We have to go by the statistics that is published. They said we are out of recession and they have statistics to back it up. Yes, we are out of recession. However, looking at COVID-19, I think we have been really very blessed in terms of its impact, its implications, especially, on the economy of our country. In fact, when COVID-19 was ravaging every economy last year, when all the economies of the world was closed down, I can virtually say that Nigeria still managed, except when government forced us to stay indoors, it is like COVID-19 is not existing in Nigeria. So if they say it has no such magnitude or multi impact, I will say the answer is yes because we are lucky, either God intervened on our behalf all through race, or through our inheritance or through whatever is it that we have been able to build.
The government has been borrowing a lot and most of the revenue is being used for debt financing. What is the implication of this?
There is nothing bad in borrowing, but when you borrow and there is nothing to show for it, there is no means of paying back other than that one product – oil, it is a problem. It is a major problem.
When you borrow, you borrow heavily. Leveraging an economy is not bad, but when you leverage, you leverage to deliver on some things. What are they borrowing against? Is it to do infrastructure? Is it power or is it social infrastructure? But when you just borrow for the sake of borrowing, before you even bring the money, they have shared it. It is unfortunate.
Look at what dollar is to naira. You don’t even find dollar to buy. We are not a productive economy; we are a rent economy. A rent economy should not be going out to borrow money.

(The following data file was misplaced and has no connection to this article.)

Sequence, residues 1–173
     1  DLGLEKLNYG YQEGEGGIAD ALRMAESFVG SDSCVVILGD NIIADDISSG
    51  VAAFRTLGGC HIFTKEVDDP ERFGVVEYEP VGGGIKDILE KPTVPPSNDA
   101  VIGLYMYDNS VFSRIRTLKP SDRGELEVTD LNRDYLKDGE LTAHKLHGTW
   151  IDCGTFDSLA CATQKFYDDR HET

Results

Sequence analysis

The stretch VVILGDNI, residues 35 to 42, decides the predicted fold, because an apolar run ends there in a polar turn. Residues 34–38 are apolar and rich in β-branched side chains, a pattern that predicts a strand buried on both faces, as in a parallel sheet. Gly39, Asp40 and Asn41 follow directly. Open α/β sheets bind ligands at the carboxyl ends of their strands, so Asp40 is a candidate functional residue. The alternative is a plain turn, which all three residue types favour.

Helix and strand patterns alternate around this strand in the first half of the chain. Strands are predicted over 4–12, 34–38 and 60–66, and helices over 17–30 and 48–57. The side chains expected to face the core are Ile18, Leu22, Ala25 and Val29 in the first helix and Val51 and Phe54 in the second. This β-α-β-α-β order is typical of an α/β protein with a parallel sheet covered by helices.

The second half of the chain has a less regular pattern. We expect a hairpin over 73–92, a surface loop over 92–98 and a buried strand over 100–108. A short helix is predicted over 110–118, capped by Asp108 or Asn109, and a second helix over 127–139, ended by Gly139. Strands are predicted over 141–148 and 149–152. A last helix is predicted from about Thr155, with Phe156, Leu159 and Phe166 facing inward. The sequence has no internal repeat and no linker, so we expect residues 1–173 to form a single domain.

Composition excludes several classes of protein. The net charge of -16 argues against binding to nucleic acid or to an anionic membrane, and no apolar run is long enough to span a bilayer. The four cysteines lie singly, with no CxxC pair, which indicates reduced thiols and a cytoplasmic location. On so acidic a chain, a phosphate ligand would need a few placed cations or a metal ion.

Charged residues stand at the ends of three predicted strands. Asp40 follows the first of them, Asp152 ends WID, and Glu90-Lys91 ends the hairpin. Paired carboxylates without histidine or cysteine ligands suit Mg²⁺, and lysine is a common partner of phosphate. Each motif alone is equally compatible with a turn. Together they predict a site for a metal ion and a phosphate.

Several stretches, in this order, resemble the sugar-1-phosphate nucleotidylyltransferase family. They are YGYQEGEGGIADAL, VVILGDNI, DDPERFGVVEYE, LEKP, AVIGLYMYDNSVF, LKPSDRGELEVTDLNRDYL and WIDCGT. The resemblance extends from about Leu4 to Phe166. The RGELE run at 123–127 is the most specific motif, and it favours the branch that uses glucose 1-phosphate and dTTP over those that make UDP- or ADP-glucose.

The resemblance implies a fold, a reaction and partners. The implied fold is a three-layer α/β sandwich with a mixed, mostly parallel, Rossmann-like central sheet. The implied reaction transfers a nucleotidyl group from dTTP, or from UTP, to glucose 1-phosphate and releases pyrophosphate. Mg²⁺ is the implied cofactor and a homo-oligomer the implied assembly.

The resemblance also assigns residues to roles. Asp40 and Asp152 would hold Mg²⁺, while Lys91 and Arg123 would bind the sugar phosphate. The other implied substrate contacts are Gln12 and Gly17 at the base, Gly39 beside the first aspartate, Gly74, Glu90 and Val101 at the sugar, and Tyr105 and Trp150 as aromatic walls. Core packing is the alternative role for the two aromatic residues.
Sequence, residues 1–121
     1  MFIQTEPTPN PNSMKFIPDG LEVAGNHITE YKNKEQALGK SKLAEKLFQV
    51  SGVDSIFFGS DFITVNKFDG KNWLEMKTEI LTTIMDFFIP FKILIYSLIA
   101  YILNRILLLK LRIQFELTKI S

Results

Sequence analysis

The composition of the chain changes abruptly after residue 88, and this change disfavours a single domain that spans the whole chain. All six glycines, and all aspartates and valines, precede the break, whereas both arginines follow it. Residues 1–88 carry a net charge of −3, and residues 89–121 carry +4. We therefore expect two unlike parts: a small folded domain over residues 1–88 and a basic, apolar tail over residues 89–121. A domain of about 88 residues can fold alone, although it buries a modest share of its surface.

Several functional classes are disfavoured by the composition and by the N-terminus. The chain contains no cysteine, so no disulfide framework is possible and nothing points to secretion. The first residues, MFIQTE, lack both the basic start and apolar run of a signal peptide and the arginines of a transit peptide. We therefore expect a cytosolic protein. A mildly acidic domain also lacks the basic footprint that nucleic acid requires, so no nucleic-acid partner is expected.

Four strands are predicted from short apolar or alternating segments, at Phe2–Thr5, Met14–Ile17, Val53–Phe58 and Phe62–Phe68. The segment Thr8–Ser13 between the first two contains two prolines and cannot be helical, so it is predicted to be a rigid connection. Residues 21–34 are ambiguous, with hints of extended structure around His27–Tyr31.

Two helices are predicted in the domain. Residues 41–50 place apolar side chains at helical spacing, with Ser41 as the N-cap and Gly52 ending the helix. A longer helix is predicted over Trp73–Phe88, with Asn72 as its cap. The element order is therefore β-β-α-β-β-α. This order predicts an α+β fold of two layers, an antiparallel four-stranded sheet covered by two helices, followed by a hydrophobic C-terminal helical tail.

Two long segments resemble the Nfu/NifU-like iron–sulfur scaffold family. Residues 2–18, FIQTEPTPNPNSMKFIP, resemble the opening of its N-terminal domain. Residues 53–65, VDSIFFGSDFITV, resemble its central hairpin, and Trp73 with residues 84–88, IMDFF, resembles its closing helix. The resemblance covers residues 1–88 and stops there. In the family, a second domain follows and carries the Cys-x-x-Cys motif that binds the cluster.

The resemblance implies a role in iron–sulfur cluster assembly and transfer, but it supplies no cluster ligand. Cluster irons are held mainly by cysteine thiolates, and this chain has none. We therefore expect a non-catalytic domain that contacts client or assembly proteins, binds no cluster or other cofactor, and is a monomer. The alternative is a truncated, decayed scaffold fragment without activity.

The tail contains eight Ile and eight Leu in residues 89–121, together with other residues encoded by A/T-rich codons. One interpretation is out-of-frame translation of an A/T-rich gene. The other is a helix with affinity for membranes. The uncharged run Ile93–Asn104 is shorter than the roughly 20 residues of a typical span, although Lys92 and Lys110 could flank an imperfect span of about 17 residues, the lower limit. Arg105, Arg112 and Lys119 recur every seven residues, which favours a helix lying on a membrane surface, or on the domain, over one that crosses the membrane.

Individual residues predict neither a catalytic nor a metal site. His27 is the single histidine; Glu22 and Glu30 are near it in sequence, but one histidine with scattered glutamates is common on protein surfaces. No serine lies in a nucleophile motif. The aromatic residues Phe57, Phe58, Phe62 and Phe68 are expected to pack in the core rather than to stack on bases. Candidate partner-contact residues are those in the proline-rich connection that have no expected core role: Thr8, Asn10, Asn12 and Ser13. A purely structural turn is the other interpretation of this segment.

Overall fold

How can the states reduce their reliance on federal allocation and focus more on internally generated revenue?
Our state governors don’t get anything doing. How much is their internally generated revenue? And about 70 per cent, 80 per cent of the money they collect from federation account is used for the payment of civil servants’ salaries. How can you develop? Our state governments need to crave for independence. There is no part of this country that is not blessed for agriculture. In those days, when we had the regional governments, they competed in terms of food production – cotton in the North, cocoa in the South West, coal in the East. These things are still there. Even if you want to borrow, borrow for a specific project. Let the project be viable; borrow money against viable projects so that when the projects are generating cash flow, they will pay back.
The states need to think inwards. They need to look at things physically – look at agriculture, industrialisation, even look at what people are using to make money, things that will make them independent.
When you create avenues for people to be entrepreneurs, to generate their own business, there is tax implication. But an environment that makes it easy for people to start business, when they start a business, don’t be in a hurry to make money before they start. Get them to start it and support it. When you support it and it starts to grow, then you can now start to tax it. When you have a sustainable N5, it is better than taking N50 today and the business will not see the light of the day.
What is the solution to the forex scarcity in the country? Can unification of the exchange rate be helpful?